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Ships sailed through Albemarle Sound
A dotted line on the 1755 map below runs through Albemarle Sound indicating the course for ships. It may be seen where they could escape to or enter from the Atlantic through the narrow, hazardous Roanoke Inlet.
At the left, near where the Chowan River empties into the Sound, is the town of Edenton. Several roads came together here, and the little black rectangles suggest buildings. There is a church in the town, with a tower and steeple in front. Other churches shown elsewhere on the map have exactly the same form as the one at Edenton, so one realizes that this form is not meant to show what a specific church looked like, but is a standard symbol for a church. Incidentally, notice how churches or chapels stand alone in various places in the countryside.
Courthouses, like churches, are shown in towns, and here and there in the country. They are indicated by a symbol which could be described as the letter “U” which is squared rather than rounded. The courthouse at Edenton is hard to identify; one can not be sure about it.
To the northeast of Edenton, on the Perquimans River, is 7the town of Hartford, now called Hertford. Farther to the east is Nixonton, its houses lying along both sides of a single road. Follow the road to the south and see the farms along Little River. Each farm is marked by a spot representing the house and carries the name of the owner—the names Morris, Evans, Ancoup, and so on, can be read. In the north, above this area, is the Great Dismal Swamp, looking very great and dismal indeed.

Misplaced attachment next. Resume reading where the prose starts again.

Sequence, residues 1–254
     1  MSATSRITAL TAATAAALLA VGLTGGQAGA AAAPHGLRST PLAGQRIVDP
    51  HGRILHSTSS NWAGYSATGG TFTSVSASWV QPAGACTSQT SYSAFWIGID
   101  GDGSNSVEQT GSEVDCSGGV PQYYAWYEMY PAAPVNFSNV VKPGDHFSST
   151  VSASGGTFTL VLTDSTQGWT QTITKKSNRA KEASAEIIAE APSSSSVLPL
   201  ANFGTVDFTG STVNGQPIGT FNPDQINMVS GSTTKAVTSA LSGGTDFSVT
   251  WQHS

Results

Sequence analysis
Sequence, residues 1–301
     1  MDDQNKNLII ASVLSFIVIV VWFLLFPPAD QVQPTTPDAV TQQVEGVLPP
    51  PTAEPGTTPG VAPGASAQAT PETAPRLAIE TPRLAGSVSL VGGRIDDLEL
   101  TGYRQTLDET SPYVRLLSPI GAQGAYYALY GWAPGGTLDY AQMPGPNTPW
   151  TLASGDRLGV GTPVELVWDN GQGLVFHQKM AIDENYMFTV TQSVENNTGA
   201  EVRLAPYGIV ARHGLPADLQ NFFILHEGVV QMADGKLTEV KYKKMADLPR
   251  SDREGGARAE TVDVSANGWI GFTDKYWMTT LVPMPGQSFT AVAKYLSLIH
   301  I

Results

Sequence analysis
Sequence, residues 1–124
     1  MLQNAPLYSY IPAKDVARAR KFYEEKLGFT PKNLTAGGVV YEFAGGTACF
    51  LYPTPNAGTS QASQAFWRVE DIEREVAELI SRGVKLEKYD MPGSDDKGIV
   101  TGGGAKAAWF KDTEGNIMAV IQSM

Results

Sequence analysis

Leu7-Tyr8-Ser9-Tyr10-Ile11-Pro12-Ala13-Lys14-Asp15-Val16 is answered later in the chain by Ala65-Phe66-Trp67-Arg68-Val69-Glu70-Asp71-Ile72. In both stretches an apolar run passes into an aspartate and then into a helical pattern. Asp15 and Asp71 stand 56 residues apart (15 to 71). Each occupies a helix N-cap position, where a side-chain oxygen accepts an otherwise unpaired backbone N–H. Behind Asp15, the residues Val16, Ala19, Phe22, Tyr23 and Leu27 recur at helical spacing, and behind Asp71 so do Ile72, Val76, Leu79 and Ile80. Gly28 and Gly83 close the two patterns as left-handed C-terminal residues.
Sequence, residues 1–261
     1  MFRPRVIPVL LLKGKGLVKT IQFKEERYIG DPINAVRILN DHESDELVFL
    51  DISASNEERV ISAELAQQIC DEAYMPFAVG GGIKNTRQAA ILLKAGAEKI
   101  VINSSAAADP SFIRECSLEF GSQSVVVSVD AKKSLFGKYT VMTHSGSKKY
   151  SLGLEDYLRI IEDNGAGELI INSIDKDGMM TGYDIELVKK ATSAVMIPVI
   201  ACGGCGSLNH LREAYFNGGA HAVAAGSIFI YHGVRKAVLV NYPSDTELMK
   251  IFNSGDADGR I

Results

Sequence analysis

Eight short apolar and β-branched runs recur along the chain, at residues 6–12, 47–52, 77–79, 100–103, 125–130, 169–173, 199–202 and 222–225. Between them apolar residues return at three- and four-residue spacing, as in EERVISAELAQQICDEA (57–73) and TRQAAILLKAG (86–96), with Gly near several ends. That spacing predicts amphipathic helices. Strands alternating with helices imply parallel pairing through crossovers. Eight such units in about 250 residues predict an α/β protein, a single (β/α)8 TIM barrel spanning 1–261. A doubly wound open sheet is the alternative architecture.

Vivid as this map proves to be, we have not seen individual towns very clearly. To get sharper ideas about them, we descend lower to the earth and look at maps from individual cities.
The Albemarle Sound region, is a detail from a famous map of North and South Carolina by Henry Mouzon, Jr., made in 1775. Like the previous map, it was printed in England and is also reproduced in a slightly smaller size than the original. Mr. Cumming states that it may be called the Revolutionary War map of North and South Carolina, because it was used by American, British, and French forces used it. So, in looking at the fragment, reproduced here, a person might imagine that he is a Revolutionary War general, studying the little towns, the ports, and roads that wander through the country, and trying to understand why a town is where it is, what military importance it has, or how it might be protected or destroyed.
1755 Mouzon Map. Albemarle Sound Region
SAUTHIER’S “PLAN OF ... HILLSBOROUGH,” 1768.
The Sauthier map of Hillsboro, dated October 1768, was made after the spring uprising of the Regulators in that town and immediately following Governor Tryon’s arrival there in September. From this, it may be suspected that, in commissioning the map, Governor Tryon had military thoughts in mind. Hillsboro—the danger spot—was the first map in Sauthier’s series of ten maps. The others were made as he traveled with Governor Tryon.
Hillsboro is on the Eno River in the wooded land of Orange County. There are the Roads from Salisbury ... to Virginia ... to Halifax ... to New Bern ... to the Quaker Settlement, and to Cross Creek. Oakaneetche Mountain was a great hump of earth overlooking Hillsboro.
The Occoneechee mountains were the home of the Occoneechee Indians.
Sauthier’s Map of Hillsboro